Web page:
Seeking to improve understanding, communication, and cooperation between Mexico and the United States by promoting original research, encouraging public discussion, and proposing policy options for enhancing the bilateral relationship.
Reporting by David Alire Garcia; Editing by Clarence Fernandez, Robert Birsel
MEXICO CITY – A new scientific analysis of a large gold bar found decades ago in downtown Mexico City reveals it was part of the plunder Spanish conquerors tried to carry away as they fled the Aztec capital after native warriors forced a hasty retreat.
“The government will plunge into a degree of disrepute that nothing and no one will ever wash away” wrote the great liberal historian Daniel Cosío Villegas after the massacre of Oct. 2, 1968, which crushed a student protest movement.
As an engineering student at the Universidad Nacional Autónoma de México, or UNAM, I participated in the demonstrations and meetings, and, 50 years after those events, I can testify to the truth of Mr. Cosío’s prediction. The events of ’68 were a political earthquake that changed the political life of Mexico for the better. And its effects extend to the present moment.
The immediate goals of the movement were modest, among them the removal of a repressive police chiefs and the abolition of a law that punished political dissidence with prison. We students didn’t want to overthrow the government or initiate a new Cuban Revolution. Nor did we envision democracy.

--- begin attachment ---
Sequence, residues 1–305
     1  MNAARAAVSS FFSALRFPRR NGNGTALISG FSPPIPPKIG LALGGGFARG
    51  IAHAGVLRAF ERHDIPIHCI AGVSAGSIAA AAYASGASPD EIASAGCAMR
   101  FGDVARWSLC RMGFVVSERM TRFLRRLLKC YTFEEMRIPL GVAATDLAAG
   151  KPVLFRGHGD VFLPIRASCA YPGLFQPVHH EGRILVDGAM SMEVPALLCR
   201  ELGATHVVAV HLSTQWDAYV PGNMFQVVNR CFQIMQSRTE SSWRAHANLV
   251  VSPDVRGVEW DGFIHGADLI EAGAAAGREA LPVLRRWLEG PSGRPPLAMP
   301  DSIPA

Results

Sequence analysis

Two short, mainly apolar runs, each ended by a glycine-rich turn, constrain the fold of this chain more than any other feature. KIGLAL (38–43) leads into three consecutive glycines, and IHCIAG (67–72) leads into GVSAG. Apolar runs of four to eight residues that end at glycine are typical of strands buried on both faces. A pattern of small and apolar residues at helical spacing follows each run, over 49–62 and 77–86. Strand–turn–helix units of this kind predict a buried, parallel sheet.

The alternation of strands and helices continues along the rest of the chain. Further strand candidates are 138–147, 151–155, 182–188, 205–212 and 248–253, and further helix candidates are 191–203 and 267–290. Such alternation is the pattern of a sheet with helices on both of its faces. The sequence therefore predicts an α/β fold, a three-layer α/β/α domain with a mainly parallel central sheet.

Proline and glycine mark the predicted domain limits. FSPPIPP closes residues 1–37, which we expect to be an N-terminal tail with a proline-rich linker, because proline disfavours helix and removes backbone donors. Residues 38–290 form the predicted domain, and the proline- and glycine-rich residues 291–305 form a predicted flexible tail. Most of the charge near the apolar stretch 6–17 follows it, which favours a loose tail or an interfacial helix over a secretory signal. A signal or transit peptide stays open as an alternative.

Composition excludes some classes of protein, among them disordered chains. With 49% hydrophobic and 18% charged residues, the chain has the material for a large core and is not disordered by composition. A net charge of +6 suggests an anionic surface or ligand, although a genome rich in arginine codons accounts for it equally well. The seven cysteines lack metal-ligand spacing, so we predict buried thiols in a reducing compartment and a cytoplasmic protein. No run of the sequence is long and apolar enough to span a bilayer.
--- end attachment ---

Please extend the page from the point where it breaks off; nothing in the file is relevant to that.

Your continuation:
WATCH: Mexico celebrated it’s 208th Independence Day with a parade, fireworks, and President Enrique Peña Nieto ringing a bell on the balcony of the National Palace, in a traditional that began in 1810 #VivaMexico
Tequila, avocado and corn are proving their worth beyond Mexican fiesta staples as key components for a fast-growing bioplastics market, with companies transforming waste from processing food crops into products such as bags, plates and even car parts.
Bioplastics make up less than 5 percent of the millions of tonnes of plastic produced each year around the world.
But as governments and consumers fret about the damage plastic is doing to the world’s oceans, scientists are experimenting by converting materials from cactus to shrimp shells and human waste into alternative greener plastics
More than a year after President Enrique Pena Nieto launched what he called a national crusade against hunger, the government says 3 million Mexicans are eating better. However, independent experts say that number is questionable and the crusade against hunger appears to be doing far less than advertised.
Mexican authorities are about to strike a bold blow to phone companies of tycoon Carlos Slim, and leading broadcaster Grupo Televisa, in a bid to stoke competition in their near-monopolistic markets, according to a person familiar with the situation. Mexico’s new telecoms regulator is expected to next week declare Televisa and America Móvil units Telmex and Telcel as dominant in their respective sectors.
“Mexico’s victims’ movement will continue to exert critical pressure for transforming the system into one that respects victims’ rights, addresses the social and economic roots of crime, promotes the rule of law, and ensures justice.” – Lauren Villagran, “The Victims’ Movement in Mexico”